As marketers, timing is always important. In the PR world, knowing exactly when to launch a campaign or to publish a new media asset can make the difference between success and a less-than-stellar performance.
But it’s safe to say none of us have had to deal with scheduling situations like the ones we’re in now. Elections seasons are contentious and take up more than just the political sections of news publications. COVID-19 lingers on, and new reports and CDC updates are constantly in the news, even after all these years. Add in natural disasters, war in Ukraine, political committee hearings and civil rights movements, and you’ve got an incredibly busy landscape.
[Read More: On Working in Communications During a Global Crisis]
So, how do you know when to publish your sponsored content campaigns? I sat down with David Olson, our Senior Vice President at Brandpoint, to get his take on distribution and what PR and communications professionals can do to make sure their brand gets in front of their target audience. Read his answers and thoughts below.
Q: With a lingering pandemic and midterm elections coming up, how can I make sure my brand’s message does not get lost in the noise of the news cycle?
A: The news cycle surrounding the election is guaranteed to be an impenetrable wall of noise. Collectively, the candidates have crushed all-time records for political donations, which are funding massive ad spends across the spectrum of media channels.
However, omnipresence doesn’t ensure engagement. Remember that many people are turned off by the negative tone of political ads. Commercial-skipping technology is common on most TVs, and ad blockers are popular on all web browsers.
I believe the winning move is to provide an escape from all the noise. And this is where sponsored content become relevant for PR agencies. The key is guaranteed results. If you get a chance for guaranteed media placements, audience metrics, clicks and engagement in a saturated media landscape, you take it.
Not all sponsored content providers offer guarantees, so be sure to do some digging. And search out providers that work with the nation’s biggest media outlets to ensure your reach is as big as possible.
Q: What is the best timing for media distribution and placements this election season?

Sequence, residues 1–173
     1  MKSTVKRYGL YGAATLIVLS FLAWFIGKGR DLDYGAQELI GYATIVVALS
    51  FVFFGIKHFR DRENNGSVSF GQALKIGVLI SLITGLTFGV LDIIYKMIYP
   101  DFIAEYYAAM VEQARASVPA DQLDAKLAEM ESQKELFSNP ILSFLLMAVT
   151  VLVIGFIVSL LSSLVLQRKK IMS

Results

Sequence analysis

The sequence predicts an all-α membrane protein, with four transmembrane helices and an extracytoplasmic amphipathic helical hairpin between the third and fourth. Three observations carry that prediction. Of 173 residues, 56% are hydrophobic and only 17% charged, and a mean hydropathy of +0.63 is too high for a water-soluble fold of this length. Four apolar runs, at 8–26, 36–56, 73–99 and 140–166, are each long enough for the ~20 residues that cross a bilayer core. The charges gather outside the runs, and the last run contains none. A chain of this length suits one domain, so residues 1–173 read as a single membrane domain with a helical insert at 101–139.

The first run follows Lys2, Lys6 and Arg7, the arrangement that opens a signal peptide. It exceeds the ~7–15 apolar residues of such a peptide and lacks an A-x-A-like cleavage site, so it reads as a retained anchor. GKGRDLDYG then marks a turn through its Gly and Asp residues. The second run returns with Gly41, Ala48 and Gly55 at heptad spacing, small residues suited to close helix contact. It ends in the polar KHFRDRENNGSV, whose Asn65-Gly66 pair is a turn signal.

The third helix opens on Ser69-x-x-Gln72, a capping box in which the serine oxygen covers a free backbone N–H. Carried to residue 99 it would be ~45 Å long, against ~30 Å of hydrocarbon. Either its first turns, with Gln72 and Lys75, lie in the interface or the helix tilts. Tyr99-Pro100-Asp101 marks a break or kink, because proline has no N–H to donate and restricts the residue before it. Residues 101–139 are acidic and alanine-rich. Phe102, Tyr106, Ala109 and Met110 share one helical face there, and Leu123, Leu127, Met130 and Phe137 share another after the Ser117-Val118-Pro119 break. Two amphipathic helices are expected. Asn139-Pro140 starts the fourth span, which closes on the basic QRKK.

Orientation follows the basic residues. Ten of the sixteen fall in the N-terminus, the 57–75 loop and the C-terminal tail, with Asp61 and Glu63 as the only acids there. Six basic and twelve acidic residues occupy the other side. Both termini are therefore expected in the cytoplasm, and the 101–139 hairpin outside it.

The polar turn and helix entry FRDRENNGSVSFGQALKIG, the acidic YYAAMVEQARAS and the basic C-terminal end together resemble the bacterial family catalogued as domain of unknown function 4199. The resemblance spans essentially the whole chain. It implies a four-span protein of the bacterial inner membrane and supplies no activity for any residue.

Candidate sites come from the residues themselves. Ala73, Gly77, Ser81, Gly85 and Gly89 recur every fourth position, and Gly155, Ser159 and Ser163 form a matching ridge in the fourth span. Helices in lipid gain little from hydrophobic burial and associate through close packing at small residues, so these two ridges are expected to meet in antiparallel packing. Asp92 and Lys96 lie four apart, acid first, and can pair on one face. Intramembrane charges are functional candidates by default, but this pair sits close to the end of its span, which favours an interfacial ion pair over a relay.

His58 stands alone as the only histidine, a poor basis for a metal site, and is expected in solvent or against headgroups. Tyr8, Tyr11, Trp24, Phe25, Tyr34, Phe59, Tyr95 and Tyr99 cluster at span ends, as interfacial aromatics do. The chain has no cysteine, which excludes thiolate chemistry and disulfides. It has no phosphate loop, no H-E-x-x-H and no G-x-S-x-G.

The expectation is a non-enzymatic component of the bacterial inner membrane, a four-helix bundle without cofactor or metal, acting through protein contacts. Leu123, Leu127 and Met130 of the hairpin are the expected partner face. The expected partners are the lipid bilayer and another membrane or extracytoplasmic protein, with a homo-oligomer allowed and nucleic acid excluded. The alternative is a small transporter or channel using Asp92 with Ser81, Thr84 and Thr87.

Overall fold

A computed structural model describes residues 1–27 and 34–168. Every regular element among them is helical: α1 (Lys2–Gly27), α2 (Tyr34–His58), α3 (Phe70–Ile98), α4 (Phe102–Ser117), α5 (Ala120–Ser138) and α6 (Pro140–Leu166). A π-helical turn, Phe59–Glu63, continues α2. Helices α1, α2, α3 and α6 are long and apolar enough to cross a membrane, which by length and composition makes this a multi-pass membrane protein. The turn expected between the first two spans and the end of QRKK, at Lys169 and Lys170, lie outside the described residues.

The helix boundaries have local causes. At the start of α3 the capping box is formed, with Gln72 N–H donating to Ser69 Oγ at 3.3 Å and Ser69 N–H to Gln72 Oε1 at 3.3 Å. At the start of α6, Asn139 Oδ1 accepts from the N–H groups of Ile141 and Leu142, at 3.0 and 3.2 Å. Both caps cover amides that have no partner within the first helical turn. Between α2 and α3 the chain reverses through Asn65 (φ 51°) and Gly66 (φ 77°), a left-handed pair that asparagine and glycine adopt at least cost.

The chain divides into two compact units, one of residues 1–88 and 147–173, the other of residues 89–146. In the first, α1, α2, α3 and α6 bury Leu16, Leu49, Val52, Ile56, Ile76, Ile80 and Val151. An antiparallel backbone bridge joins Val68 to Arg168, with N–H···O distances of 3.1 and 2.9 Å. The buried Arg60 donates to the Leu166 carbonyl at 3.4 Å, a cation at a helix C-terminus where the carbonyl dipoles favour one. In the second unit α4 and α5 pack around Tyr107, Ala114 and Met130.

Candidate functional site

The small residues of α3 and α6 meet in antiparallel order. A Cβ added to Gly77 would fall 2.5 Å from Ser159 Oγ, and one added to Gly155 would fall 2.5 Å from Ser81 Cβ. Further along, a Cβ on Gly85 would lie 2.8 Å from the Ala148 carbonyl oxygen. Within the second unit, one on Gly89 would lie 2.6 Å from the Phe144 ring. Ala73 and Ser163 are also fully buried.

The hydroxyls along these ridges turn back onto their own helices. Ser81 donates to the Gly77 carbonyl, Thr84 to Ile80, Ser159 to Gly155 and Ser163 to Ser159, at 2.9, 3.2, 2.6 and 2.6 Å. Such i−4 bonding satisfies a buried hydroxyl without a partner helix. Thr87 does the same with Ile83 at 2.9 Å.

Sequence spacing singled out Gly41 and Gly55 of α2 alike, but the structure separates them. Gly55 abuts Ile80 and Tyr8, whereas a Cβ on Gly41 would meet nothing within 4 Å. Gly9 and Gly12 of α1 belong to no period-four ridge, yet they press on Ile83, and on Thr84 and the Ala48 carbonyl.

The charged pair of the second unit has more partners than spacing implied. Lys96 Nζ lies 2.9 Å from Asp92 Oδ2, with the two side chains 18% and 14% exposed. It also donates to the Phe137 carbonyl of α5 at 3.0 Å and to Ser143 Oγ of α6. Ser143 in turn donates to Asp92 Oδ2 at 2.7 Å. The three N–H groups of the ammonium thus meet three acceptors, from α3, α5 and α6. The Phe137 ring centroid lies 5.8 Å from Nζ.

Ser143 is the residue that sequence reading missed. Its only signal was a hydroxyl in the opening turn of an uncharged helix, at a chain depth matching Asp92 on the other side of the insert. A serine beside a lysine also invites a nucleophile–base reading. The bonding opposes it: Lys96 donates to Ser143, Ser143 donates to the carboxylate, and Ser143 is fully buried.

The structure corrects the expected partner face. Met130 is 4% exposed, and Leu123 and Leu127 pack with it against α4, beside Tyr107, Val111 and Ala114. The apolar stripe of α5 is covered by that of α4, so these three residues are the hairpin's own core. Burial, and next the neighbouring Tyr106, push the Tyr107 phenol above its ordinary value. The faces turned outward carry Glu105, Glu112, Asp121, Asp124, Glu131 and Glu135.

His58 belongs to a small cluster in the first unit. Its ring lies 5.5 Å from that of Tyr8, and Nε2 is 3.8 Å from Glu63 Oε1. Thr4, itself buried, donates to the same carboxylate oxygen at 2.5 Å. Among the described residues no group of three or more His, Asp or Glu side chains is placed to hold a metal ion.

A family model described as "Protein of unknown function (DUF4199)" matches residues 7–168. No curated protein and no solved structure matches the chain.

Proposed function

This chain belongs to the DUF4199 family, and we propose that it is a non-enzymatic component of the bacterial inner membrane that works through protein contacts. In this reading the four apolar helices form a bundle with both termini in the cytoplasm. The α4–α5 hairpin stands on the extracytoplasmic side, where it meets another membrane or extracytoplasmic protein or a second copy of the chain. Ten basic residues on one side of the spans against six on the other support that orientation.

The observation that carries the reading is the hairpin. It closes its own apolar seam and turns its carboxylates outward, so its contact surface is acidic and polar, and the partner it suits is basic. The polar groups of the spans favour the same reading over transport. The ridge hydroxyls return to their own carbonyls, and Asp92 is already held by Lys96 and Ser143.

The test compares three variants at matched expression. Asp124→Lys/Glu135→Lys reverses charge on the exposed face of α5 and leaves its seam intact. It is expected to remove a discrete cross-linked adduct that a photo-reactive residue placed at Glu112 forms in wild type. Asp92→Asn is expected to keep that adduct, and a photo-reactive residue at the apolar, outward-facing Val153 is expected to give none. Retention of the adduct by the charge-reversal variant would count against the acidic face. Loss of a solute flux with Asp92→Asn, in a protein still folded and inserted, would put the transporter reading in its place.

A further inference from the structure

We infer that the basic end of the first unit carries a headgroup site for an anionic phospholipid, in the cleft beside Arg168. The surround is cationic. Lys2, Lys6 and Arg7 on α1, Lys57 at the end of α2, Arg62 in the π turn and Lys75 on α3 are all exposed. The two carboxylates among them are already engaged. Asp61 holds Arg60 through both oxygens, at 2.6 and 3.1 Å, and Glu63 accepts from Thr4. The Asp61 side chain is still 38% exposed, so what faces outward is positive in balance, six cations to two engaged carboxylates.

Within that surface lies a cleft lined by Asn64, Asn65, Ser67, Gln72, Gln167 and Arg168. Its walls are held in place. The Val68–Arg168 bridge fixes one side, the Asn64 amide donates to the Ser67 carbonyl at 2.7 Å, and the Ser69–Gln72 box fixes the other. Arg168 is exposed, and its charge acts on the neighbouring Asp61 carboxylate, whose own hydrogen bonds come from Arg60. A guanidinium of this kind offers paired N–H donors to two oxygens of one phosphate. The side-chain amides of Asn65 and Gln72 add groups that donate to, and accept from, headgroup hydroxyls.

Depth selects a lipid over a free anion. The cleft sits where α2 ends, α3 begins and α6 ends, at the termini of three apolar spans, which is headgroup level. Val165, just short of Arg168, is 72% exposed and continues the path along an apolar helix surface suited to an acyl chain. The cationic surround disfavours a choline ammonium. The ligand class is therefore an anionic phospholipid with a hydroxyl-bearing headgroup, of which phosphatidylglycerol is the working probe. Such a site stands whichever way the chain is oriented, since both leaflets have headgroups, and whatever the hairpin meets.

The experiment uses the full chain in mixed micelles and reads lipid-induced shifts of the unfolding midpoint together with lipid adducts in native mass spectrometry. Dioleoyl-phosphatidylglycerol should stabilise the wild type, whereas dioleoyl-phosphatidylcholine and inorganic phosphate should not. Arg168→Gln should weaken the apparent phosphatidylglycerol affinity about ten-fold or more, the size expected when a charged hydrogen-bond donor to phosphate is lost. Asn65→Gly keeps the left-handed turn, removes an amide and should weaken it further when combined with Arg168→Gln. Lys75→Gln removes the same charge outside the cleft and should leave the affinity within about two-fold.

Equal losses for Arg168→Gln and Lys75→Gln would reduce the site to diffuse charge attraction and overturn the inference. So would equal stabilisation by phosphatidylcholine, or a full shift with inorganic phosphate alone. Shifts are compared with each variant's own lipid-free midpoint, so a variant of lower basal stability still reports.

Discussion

A: The election is fast approaching. Keep these tips in mind to give your campaigns the best chance for success:
- Lower expectations around high-profile dates, including major news events and election night. The opportunity for PR pros to get non-political messaging out is just too limited. Your best move is simply not to play.
- Pitching earned media — which has already been difficult this year — will only get harder as the election gets closer and media coverage reaches a fever pitch. Your best bet is to focus on paid media to ensure coverage at the timing that best suits your campaign goals.
- Election fatigue is real. The general public can only take so much political news on TV, radio, Facebook and Twitter. Increased polarization among the electorate doesn’t help. Assuming the election isn’t contested, there will be a news vacuum to fill once it’s over. Generating media placements will continue to get easier as the communal mindset shifts to the upcoming holiday season.
Q: Are newsrooms still looking for MATs right now? What about in 2023?
A: Yes, media outlets are actively searching for MATs and sponsored content. The demand is higher than ever.
The sad reality is that the pandemic has made life difficult for media outlets, just as it has for thousands of American businesses. Newsrooms are shedding staff, as thousands of journalists have been laid off or furloughed.
The end result is that media outlets with depleted resources are increasing their use of sponsored content to supplement the news they create in-house. But that doesn’t mean that their quality standards have gone down at all. Brand content needs to be informative, topical and produced by skilled writers.
Looking forward into 2023, I expect more of the same. Political unrest, the lingering pandemic and televised presidential court cases will take up plenty of air time, and that means sponsored content should continue to thrive.
Q: How can my brand avoid looking tone-deaf during the elections and other societal issues?
A: The good news is that we’ve seen countless examples of brands communicating effectively in this perfect storm of historical events. Some commonalities in these efforts include:
- A perspective grounded in empathy. Companies that lack this basic quality in their communication efforts are in for a tough Q4. But those brands that communicate with a sensitivity toward the challenges facing many Americans today have a chance to humanize their public perception.
- A nuanced understanding of tone. Corporate-speak and jargon appear especially insensitive right now. While it’s important that your tone aligns with your brand voice, consider a softer approach with word choices and phrases in your writing. The right tone helps you relate to your audience’s emotions and can build credibility and trust.
- An interest in taking a leadership role when faith in politicians is fading. According to Edelman’s Trust Barometer Special Report, 55% of respondents said that brands are responding faster and more effectively than government has to COVID-19.
Note: This post was first published in October 2020 and has been updated to reflect our current situation.